Where Is the Largest Japanese Community Outside of Japan?

It is uncommon for Japanese people to live abroad. Tokyo alone holds upwards of 13 million people, yet there are only about 2.5 million Japanese descendants living outside of Japan. But here’s a kicker. About 60% of those Japanese descendants are living in one country. And it’s not in Asia. And it’s not the United States. As it turns out, the largest Japanese population outside of Japan is in Brazil.


A Brief History

In 1871, the han system, which was basically the Japanese feudal system, was abolished in Japan. In many ways it was a positive change for the country, as feudal lords (known as daimyo) were replaced by a central government. However, it also caused problems for farmers in rural areas, which in turn yielded immigration abroad.

Within decades, many farmers were eager to find new land with less regulation. But the search proved to be more challenging than planned, as many countries with thriving economies and available farmland had passed laws promoting racial exclusivity. In 1901, Australia passed the Immigration Restriction Act, which was also referred to as the White Australia policy, preventing the entrance of non-white immigrants. The United States passed the 1924 Immigration Act, which was similar Australia, but was targeted more directly at the prevention of Japanese immigrants from entering.

As a result, Brazil inherently became the promised land for frustrated Japanese farmers. Between 1926 and 1930, just under 60,000 Japanese immigrants entered the ports of Brazil. From 1931-35 came another 72,000. Many found success in the coffee industry and other farming based enterprises.



The first 709 Japanese immigrants of 1907 spoke no Portuguese whatsoever. Today, the third generation Japanese Brazilians can only speak limited Japanese to their elders, but otherwise recognize Portuguese as their native tongue.

Japanese Brazilians have also transformed religiously. The first generation was almost 100% Buddhists (although this was according to birth records and many didn’t actively practice).  Now only about 25% of Japanese Brazilians practice some form of eastern religion, while around 60% describe themselves as Roman Catholic.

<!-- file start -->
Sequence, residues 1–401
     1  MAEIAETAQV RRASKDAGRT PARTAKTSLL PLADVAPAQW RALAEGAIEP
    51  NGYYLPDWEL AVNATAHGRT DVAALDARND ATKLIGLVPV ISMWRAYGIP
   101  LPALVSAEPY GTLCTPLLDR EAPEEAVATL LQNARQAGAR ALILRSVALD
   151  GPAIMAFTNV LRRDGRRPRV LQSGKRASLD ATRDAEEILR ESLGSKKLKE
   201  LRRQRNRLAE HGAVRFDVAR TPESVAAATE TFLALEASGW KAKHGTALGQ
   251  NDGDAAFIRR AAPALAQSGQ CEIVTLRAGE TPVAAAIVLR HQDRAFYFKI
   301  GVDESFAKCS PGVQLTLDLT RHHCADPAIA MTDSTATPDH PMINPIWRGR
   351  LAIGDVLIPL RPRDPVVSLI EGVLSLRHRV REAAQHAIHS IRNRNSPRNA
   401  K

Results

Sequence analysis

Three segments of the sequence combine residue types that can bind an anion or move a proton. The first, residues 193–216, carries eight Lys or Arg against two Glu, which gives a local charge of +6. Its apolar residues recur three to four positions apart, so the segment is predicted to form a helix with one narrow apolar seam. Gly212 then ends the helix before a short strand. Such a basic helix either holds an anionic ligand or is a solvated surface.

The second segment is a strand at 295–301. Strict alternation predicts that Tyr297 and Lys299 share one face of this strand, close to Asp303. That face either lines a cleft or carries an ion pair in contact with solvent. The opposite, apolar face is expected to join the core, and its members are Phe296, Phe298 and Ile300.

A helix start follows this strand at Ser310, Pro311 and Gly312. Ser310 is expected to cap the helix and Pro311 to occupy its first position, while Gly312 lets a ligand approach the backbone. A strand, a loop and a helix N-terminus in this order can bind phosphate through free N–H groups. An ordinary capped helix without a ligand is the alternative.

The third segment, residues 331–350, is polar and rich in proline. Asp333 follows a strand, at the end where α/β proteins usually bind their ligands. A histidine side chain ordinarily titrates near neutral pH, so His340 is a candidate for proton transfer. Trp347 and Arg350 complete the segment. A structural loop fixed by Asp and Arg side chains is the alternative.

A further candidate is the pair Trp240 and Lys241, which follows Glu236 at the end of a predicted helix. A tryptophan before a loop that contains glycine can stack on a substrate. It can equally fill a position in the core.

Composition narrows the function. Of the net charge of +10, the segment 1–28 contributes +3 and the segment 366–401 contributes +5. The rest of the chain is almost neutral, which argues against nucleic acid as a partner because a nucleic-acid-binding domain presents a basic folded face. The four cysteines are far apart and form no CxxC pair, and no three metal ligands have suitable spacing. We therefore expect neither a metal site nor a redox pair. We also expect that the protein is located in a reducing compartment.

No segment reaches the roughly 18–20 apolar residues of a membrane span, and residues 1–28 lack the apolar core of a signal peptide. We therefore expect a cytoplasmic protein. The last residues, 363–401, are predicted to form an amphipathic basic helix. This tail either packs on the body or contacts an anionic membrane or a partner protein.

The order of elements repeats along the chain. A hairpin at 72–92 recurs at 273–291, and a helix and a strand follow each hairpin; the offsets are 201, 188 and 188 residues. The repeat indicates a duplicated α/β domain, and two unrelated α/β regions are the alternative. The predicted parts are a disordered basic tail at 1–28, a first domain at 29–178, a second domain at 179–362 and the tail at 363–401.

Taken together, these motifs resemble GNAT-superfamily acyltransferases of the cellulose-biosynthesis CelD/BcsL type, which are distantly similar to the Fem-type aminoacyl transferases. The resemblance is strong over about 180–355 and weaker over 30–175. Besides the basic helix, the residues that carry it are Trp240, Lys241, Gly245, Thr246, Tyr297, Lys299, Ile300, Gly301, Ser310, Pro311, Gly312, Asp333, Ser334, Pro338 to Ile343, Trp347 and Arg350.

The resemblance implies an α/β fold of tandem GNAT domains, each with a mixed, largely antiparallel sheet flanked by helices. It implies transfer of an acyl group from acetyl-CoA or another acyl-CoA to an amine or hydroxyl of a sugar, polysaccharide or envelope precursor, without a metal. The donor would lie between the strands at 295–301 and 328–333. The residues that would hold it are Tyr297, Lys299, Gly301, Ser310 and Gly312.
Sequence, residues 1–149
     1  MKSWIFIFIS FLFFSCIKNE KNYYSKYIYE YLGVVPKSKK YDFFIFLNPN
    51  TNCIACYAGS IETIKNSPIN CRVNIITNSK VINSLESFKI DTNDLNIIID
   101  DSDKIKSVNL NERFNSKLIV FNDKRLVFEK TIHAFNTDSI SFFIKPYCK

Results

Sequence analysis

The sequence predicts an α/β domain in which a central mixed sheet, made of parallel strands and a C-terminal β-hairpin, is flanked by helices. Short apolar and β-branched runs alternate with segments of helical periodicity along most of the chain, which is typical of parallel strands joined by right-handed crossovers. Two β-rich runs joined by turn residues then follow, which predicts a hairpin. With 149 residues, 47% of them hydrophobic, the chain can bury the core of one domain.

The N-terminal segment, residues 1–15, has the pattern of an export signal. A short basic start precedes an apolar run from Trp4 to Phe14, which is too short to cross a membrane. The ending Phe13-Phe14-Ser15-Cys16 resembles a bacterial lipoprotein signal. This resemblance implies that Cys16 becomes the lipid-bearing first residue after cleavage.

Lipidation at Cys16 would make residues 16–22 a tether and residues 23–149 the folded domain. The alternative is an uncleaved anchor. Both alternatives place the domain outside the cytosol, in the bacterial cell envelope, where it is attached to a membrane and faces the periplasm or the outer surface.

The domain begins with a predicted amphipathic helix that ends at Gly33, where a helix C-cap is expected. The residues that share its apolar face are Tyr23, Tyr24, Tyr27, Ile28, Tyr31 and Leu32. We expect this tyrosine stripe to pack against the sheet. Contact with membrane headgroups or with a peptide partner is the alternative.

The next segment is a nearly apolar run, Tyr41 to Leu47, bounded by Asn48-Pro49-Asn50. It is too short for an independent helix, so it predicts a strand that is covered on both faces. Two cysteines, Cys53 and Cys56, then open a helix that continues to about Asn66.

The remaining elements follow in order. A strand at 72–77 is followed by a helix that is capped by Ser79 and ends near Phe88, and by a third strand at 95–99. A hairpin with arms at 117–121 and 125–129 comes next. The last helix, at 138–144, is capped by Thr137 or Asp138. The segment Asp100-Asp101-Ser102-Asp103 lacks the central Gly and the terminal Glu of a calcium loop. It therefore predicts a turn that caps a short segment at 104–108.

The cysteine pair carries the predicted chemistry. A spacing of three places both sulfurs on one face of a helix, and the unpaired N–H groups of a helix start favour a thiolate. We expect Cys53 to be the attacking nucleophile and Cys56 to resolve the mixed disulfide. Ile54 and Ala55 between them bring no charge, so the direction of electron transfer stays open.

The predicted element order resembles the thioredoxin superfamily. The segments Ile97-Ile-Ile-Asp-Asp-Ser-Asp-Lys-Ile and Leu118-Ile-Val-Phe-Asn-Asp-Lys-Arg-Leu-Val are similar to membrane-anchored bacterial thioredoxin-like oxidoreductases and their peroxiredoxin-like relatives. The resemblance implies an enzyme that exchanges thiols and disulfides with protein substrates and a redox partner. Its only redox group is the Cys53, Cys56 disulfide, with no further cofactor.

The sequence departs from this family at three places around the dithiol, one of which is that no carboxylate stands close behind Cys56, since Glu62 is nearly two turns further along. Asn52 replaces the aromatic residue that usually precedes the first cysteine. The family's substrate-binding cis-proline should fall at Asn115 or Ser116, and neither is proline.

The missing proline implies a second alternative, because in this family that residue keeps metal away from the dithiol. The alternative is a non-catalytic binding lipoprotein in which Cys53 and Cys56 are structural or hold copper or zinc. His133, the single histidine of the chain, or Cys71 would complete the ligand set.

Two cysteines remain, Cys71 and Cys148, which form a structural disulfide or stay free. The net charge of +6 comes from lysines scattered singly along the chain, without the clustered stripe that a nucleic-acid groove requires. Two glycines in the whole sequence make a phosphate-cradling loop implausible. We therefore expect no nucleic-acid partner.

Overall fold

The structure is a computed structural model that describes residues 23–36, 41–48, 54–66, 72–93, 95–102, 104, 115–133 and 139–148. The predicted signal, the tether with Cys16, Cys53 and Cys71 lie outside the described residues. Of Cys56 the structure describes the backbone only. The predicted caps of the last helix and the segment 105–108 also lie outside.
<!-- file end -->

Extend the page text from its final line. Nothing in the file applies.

Brazilians in Japan

In many ways, Japan is a wonderfully extravagant metropolis full of bright lights, technology, and culture. However, Japanese culture can be difficult to penetrate for foreigners. According to the CIA World Factbook, over 98% of Japanese citizens have no ethnic trace outside of Japan.

But nowadays there is a strange and interesting connection between the Japanese and Brazilian people. Portuguese is considered the third most important foreign language in Japan after Chinese and Korean. And of the few foreign residents living in Japan, most of them are from Brazil. In fact, people of Brazilian descent are the most populous non-Asian ethnic group living in Japan today. Japan also has the most Portuguese speakers in Asia and is home to the largest carnival parade in the world outside of Brazil.

The world isn’t as small as you think. More people are electing to study a second language every day. The demand for foreign language skilled employees has steadily increased since the dawn of the Internet. Regardless of whether you’re interested in learning Japanese or Portuguese, Language Trainers can get you to where you need to be.  If you’d like to get in touch, please don’t hesitate to contact us anytime.